Last night I went to a showing of Chasing Einstein, a new documentary about the search for dark matter. It’s quite well done, and if you’re near New York, Berkeley or LA, you might want to take the opportunity to go see it in a theater.
The film starts out with a segment on LIGO, talking to Barry Barish and Rainer Weiss. Later on there are scenes from their Nobel celebration ceremony at Caltech and the award ceremony in Stockholm. There are no claims made that LIGO’s results are related to dark matter. Rather, this material functions as a counterpoint to the dark matter material, contrasting a great success story to the rather frustrating lack of success that physicists have had with dark matter.
Attention then turns to Elena Aprile and the Xenon1T experiment. Aprile is in the physics department at Columbia, and attended the screening I was at. I think she’s the great heroine of this film, although a bit of a tragic one. She and her collaborators have done a fantastic job of getting a series of highly sensitive detectors to work. If a WIMP particle responsible for dark matter had existed in the region advertised by many theories, they would have found it and followed the LIGO people to Stockholm. Instead they put a strong limit on the possible properties of such a conjectured particle. The film includes a heart-breaking scene when they unblind their data, quickly realizing that their years of effort haven’t been rewarded with the discovery that they had been hoping for. Aprile has a realistic take on the prospects for future experiments of this kind: they can be make somewhat more sensitive, but it’s hard to be optimistic that the remaining accessible parameter space contains a new particle.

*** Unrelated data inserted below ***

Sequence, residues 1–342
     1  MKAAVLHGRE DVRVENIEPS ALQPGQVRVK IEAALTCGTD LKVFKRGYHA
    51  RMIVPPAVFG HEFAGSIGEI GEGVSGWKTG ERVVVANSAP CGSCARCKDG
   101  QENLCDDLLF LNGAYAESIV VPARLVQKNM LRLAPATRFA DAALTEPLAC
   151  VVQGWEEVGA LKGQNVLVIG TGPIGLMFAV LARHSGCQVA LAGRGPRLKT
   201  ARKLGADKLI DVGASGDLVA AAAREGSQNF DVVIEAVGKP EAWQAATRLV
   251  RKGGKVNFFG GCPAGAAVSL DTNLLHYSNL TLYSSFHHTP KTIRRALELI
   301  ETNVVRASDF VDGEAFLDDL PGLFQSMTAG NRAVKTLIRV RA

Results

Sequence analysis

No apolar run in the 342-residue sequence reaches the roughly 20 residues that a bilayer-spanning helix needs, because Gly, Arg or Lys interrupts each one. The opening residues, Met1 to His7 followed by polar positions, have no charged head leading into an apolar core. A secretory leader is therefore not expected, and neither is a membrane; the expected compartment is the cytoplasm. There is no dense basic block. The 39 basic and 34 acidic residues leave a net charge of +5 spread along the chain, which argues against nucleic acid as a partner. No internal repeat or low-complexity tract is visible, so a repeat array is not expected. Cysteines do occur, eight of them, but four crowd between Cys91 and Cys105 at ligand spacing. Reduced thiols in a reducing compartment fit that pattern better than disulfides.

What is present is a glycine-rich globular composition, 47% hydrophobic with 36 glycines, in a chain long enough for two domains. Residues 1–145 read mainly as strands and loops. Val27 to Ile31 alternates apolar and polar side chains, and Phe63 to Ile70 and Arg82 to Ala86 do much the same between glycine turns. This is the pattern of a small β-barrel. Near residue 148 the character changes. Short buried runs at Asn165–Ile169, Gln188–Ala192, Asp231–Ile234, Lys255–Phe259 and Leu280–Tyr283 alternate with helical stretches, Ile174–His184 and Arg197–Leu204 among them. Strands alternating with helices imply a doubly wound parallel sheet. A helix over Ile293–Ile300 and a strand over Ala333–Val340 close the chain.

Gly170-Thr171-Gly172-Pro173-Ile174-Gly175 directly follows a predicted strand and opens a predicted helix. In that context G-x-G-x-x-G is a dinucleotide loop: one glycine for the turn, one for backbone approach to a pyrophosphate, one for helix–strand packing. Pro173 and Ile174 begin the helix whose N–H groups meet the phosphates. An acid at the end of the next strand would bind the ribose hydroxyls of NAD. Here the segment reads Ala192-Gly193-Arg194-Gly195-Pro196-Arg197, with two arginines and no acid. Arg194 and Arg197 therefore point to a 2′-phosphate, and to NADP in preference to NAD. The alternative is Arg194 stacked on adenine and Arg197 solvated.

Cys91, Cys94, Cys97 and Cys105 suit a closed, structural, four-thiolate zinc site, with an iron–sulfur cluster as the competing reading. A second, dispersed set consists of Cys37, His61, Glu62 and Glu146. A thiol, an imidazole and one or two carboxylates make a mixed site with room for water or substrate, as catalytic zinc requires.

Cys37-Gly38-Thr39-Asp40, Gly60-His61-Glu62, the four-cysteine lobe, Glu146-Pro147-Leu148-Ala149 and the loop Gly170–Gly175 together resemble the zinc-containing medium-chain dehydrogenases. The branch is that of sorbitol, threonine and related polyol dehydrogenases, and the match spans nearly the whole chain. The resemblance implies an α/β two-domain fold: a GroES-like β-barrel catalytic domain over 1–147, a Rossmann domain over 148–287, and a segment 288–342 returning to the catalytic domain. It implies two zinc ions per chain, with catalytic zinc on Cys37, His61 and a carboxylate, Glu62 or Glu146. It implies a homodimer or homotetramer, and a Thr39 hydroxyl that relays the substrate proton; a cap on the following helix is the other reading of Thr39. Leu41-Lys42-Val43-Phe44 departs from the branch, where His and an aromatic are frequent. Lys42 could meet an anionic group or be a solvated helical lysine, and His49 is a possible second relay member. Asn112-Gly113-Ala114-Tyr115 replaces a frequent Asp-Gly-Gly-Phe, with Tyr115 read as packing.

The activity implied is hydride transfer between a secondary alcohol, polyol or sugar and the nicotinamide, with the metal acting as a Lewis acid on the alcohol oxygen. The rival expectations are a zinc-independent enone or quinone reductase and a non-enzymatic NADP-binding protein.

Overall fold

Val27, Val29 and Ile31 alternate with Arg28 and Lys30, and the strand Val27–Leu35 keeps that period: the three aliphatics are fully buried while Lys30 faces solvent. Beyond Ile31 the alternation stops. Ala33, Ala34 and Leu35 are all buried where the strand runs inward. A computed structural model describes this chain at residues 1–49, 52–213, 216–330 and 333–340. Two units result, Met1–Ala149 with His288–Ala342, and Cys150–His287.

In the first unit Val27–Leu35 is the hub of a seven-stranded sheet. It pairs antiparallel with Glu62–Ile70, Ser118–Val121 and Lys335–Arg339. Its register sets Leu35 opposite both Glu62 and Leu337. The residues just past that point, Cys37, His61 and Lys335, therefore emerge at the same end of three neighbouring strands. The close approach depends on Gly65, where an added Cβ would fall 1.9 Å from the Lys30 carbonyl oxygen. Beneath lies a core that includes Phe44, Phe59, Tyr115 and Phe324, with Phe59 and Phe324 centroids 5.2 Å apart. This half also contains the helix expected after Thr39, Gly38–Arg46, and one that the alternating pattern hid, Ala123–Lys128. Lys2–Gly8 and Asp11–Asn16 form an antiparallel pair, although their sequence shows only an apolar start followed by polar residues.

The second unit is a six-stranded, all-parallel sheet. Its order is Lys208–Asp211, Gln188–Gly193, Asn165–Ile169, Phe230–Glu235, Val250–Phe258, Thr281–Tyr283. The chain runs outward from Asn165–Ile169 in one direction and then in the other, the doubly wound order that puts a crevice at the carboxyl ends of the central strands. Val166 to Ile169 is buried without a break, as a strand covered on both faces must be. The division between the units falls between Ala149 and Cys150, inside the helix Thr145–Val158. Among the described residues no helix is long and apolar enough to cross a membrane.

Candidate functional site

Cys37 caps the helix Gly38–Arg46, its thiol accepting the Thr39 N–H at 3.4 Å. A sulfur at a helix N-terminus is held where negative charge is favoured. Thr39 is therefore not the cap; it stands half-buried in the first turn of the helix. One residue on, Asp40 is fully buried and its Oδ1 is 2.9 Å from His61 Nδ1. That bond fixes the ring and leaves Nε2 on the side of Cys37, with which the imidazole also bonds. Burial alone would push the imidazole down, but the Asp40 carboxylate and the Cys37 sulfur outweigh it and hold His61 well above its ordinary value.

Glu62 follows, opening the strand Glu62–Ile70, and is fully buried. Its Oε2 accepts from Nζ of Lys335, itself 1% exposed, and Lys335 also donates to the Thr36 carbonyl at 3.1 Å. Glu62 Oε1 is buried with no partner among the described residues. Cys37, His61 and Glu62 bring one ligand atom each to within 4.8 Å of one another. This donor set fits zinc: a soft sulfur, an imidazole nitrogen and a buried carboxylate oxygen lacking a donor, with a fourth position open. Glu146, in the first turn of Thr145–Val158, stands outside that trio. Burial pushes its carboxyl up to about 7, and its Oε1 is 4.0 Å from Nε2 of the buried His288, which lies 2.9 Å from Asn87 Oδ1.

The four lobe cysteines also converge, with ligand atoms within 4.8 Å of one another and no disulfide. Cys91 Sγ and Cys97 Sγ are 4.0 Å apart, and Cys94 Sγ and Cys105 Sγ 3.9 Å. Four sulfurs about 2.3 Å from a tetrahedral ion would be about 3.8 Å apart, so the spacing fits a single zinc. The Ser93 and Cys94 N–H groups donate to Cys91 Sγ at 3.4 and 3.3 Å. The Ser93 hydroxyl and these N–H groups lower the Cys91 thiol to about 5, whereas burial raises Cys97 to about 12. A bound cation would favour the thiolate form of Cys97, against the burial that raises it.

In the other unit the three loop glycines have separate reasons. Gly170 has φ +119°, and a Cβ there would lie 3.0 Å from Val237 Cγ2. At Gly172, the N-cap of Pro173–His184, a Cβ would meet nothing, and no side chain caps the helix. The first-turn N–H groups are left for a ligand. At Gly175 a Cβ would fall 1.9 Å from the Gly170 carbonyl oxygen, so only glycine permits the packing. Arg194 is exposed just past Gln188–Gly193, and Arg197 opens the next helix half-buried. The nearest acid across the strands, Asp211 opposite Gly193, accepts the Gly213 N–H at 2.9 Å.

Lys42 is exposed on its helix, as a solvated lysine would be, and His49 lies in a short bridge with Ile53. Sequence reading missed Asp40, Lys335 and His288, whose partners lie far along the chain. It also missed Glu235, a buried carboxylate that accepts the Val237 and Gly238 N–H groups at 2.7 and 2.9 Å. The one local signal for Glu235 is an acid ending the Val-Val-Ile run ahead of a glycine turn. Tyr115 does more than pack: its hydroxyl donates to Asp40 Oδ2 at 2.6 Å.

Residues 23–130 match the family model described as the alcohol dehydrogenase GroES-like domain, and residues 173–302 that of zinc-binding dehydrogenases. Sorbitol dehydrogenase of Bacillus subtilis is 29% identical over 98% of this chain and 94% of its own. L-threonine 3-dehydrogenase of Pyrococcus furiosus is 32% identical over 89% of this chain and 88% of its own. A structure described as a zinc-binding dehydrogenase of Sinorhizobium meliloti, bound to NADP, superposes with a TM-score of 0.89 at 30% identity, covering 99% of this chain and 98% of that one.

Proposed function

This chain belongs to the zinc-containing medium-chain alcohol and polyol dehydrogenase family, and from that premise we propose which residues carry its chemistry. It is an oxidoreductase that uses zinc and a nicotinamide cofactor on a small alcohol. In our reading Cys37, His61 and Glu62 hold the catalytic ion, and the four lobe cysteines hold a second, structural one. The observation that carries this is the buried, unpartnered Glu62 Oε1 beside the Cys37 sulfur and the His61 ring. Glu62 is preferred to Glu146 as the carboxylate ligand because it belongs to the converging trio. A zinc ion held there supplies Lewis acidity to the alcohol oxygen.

Attention then turns to Erik Verlinde and his “Emergent Gravity” explanation for the dark matter phenomenon. I’ve never found the motivation for this compelling, so haven’t followed his work carefully. For someone who has, see Sabine Hossenfelder’s blog where she has written on the topic quite a few times (and has her own version of a model here). Grad student Margot Brouwer worked on this attempt to experimentally test Verlinde’s ideas, and she is also featured in the film. My understanding is that the positive results her group found are matched by other more negative results, see here.
Tech entrepreneur Cree Edwards appears at various points in the film, and I’m guessing that he’s the one who brought together the physicists and filmmakers to make the film (and probably financed it). He has an amateur’s interest in fundamental physics, and his questioning of the physicists reminds one of how people’s fascination with the subject is often deeply connected to their desire to make sense of the world, hoping to find explanations of the great puzzles of human existence. I fear he’s not likely to find much of what he’s looking for in physics, but glad to see that his questioning led to an excellent film.
Finally, the film contains scenes of observing a solar eclipse, an added attraction.